February 22, 2024
Healthy Eating Habits for Seniors


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Let's talk about something that's truly the cornerstone of wellness: healthy eating habits.

As we age, our bodies go through changes, and it becomes even more crucial to fuel ourselves with the right foods to stay vibrant and energetic. So, let's dive into some nourishing wisdom on how to maintain a healthy diet as we gracefully journey through our golden years. If you want to see more, then get my FREE Senior Starter Guide. Chapter 2 is all about Physical Mobility. 

SIDEBAR:  I have lost 30 pounds at age 70. I did it by getting off the sugar. Was it hard?  Yes, it was awful. Somedays, I wanted to eat my arm! I could not have sugar in the house. Worse were the evenings. After 2 weeks, the yearning died down. I only drank water with fresh lemon (and my coffee). I also realized I had to eat every few hours and I ate small portions. I had all my food planned out ahead of time. If I ate out, I ordered off the child's menu or had a side dish. No more big portions. Never took home food either. Over the holidays, I ate sugar and had to go through the torture of yearning for it for another 2 weeks and then it died down again. So, now I know, it's not worth it to eat sugar. I love what I eat! My dinner is either shrimp or chicken with stir fry vegetables from Costco. My seasoning is Green Goddess. It's so popular now that I can't get it at Trader Joe's because it's out-of-stock so I have to order it off Amazon.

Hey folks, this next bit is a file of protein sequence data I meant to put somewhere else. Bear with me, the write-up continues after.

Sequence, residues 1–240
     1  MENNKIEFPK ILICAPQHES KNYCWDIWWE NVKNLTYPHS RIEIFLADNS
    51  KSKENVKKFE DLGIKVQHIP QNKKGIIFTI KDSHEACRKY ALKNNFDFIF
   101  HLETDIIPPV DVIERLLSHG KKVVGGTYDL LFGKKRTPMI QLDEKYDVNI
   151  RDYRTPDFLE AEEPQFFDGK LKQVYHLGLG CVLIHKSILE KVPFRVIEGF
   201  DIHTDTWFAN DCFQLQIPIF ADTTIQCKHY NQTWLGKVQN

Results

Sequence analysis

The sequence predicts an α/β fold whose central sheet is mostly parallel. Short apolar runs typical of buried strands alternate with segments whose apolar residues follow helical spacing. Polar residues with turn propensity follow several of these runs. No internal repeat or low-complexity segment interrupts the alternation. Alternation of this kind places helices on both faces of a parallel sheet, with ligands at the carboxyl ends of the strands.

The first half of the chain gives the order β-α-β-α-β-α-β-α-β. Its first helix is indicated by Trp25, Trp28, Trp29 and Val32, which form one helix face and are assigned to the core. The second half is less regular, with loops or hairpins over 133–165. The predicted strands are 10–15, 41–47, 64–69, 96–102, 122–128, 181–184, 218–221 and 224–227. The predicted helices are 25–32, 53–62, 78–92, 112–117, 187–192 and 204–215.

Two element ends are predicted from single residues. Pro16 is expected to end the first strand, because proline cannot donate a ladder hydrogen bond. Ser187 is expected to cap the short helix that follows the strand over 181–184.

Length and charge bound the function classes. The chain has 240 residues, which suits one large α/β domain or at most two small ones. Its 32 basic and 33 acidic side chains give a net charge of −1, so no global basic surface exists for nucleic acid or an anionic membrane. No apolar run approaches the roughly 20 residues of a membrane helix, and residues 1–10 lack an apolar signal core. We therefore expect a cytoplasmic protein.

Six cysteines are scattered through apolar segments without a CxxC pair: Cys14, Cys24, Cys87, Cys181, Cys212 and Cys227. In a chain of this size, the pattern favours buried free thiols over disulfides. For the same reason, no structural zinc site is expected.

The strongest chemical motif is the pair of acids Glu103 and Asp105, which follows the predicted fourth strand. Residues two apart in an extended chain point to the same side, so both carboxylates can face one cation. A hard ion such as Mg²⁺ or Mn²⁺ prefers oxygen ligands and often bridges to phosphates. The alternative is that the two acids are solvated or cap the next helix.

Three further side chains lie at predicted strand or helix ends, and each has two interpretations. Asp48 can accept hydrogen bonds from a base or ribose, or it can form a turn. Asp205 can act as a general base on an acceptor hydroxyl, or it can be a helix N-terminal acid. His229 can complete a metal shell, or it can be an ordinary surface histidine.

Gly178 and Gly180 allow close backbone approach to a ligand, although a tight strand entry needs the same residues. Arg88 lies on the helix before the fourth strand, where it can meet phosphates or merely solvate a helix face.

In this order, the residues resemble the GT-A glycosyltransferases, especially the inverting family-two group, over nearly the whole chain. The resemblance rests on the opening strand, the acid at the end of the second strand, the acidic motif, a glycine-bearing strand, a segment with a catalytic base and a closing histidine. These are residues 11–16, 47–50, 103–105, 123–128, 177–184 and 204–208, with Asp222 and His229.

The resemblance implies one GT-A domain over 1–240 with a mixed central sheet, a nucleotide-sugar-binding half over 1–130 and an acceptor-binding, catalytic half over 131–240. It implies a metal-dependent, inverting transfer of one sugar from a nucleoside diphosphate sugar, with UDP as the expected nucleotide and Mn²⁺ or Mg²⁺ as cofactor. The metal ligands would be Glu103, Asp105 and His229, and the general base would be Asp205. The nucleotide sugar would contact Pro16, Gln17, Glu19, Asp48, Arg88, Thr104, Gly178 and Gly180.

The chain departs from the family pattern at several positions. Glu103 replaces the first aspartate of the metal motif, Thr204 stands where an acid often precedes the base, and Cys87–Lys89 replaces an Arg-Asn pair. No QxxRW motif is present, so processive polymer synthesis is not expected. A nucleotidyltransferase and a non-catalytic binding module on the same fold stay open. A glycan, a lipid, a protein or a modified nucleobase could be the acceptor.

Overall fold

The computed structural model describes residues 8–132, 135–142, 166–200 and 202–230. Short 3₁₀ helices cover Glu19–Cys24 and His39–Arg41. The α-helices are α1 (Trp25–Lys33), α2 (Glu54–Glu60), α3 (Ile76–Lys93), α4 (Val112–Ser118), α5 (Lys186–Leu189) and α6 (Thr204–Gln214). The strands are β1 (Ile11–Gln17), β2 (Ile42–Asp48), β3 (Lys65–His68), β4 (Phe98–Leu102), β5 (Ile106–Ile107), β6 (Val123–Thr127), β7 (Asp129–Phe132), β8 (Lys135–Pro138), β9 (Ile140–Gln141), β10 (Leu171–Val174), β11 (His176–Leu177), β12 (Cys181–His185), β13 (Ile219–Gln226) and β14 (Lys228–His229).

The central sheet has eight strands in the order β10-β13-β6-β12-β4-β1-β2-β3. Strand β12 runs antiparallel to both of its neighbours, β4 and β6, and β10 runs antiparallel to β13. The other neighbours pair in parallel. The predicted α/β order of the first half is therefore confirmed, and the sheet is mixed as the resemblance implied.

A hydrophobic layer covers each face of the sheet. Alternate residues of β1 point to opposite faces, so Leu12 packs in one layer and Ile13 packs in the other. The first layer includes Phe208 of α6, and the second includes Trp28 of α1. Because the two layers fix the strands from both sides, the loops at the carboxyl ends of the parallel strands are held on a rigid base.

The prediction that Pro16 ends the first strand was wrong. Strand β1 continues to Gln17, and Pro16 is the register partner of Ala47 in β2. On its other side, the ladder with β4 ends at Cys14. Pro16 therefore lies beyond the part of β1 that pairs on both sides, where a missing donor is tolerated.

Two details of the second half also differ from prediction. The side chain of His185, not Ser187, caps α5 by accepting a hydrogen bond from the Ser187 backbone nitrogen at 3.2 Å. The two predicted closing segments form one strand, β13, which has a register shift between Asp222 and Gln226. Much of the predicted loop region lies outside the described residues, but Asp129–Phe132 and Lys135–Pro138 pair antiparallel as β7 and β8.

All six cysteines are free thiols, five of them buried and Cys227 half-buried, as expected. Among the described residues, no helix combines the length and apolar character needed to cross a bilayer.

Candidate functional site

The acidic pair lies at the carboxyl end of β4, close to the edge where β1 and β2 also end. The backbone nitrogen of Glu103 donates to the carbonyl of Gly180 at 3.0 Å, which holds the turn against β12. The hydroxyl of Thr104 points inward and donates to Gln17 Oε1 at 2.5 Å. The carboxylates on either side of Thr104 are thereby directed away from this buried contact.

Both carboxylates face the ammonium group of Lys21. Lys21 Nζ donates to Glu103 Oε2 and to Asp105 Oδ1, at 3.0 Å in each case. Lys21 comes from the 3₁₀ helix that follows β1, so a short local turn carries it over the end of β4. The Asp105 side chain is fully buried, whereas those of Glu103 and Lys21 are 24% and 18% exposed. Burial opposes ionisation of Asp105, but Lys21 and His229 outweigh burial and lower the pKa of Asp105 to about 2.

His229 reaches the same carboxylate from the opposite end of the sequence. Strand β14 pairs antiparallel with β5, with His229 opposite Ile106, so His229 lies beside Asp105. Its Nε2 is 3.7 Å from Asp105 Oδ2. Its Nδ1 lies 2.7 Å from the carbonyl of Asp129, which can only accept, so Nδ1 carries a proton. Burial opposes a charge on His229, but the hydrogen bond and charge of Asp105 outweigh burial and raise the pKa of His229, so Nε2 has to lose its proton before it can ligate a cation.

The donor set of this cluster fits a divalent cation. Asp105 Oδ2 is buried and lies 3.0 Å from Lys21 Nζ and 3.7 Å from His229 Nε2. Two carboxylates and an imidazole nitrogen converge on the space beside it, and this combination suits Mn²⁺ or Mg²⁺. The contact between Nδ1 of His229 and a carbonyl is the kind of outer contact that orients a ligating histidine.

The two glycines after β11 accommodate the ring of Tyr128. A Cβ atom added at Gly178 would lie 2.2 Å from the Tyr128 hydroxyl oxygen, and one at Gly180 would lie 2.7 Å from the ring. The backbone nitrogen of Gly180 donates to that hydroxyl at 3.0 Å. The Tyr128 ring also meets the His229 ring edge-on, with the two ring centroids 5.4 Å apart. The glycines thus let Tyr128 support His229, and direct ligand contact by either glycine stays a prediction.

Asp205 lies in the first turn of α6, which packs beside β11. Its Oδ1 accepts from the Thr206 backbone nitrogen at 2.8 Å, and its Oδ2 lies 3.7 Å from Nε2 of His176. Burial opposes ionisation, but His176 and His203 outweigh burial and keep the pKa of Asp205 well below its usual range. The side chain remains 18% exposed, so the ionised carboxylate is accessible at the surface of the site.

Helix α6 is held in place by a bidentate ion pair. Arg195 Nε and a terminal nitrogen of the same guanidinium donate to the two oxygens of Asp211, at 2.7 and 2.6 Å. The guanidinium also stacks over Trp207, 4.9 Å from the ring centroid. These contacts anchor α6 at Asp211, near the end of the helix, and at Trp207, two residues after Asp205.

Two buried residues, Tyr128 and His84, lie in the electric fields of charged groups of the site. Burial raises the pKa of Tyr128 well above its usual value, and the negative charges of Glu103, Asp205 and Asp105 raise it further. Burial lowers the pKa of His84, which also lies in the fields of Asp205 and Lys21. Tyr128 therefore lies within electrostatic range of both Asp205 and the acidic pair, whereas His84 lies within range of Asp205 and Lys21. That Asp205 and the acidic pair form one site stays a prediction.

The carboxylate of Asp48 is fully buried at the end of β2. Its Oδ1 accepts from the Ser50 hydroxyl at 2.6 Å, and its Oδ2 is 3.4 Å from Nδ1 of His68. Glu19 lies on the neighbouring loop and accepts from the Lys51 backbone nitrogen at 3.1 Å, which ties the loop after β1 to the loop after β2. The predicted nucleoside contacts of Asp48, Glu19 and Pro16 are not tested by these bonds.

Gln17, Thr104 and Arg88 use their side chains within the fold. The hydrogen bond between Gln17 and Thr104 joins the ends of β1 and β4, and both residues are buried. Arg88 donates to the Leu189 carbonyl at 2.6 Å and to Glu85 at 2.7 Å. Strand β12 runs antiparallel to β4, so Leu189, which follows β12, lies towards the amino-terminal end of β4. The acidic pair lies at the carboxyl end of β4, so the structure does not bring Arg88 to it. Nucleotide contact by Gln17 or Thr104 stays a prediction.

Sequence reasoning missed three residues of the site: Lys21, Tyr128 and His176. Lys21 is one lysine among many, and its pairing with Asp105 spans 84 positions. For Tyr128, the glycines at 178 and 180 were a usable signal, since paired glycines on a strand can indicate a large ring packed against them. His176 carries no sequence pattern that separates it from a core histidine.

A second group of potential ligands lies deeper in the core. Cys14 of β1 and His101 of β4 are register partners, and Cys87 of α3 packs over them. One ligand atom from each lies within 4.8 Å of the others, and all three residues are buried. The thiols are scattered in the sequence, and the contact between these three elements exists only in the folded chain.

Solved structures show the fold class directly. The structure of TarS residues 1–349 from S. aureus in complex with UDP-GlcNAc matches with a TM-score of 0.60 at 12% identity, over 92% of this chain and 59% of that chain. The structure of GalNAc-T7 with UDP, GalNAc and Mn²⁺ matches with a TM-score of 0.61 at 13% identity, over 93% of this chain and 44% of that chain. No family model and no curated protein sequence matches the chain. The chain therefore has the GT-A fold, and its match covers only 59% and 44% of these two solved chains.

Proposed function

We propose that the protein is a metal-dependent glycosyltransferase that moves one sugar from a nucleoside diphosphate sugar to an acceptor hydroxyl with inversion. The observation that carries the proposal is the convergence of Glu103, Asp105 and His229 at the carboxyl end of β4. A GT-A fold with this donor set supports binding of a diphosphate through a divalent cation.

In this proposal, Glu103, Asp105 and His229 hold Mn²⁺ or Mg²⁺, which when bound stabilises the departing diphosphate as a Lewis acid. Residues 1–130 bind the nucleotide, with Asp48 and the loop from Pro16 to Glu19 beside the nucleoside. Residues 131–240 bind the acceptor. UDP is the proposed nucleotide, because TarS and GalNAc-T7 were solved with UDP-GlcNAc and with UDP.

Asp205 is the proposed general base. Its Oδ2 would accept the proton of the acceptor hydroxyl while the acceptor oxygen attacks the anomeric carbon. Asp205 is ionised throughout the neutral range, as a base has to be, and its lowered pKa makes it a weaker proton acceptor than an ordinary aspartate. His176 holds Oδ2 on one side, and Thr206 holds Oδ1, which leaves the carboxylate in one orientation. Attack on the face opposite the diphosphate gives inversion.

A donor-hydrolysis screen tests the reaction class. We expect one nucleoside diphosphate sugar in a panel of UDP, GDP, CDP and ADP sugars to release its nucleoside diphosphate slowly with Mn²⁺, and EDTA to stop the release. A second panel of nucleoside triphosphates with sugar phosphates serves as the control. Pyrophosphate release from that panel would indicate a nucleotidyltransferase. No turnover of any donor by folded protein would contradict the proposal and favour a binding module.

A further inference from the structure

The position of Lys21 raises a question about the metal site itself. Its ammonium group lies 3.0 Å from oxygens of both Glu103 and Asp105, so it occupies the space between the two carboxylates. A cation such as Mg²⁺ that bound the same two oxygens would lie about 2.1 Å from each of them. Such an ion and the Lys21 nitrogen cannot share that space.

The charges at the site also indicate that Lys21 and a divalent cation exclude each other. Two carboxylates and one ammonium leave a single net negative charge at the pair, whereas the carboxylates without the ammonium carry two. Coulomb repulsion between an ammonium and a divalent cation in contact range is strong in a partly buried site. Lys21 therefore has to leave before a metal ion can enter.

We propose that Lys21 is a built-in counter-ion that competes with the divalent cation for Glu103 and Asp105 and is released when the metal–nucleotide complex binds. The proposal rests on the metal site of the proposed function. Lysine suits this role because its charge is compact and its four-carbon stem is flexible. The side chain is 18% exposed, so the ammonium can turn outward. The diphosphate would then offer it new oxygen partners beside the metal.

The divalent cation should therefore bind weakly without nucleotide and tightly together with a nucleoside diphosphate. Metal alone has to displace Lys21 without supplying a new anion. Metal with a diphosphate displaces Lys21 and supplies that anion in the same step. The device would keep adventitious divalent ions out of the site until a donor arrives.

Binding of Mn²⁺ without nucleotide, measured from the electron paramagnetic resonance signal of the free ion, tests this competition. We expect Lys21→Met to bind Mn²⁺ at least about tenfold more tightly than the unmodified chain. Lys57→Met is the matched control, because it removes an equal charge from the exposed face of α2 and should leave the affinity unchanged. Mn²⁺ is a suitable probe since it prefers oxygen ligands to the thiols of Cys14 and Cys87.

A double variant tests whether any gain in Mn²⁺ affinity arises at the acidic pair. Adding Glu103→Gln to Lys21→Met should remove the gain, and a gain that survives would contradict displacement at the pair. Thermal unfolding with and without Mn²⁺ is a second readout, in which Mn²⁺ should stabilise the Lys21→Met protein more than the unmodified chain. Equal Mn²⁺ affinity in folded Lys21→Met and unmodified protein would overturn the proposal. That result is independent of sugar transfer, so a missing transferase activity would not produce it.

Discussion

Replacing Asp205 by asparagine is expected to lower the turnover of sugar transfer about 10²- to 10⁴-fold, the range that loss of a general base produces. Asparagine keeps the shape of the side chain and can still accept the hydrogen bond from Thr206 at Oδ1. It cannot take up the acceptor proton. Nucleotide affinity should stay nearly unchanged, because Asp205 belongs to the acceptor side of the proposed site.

Here's my suggestions. I prioritized them for you.

Healthy Eating Habits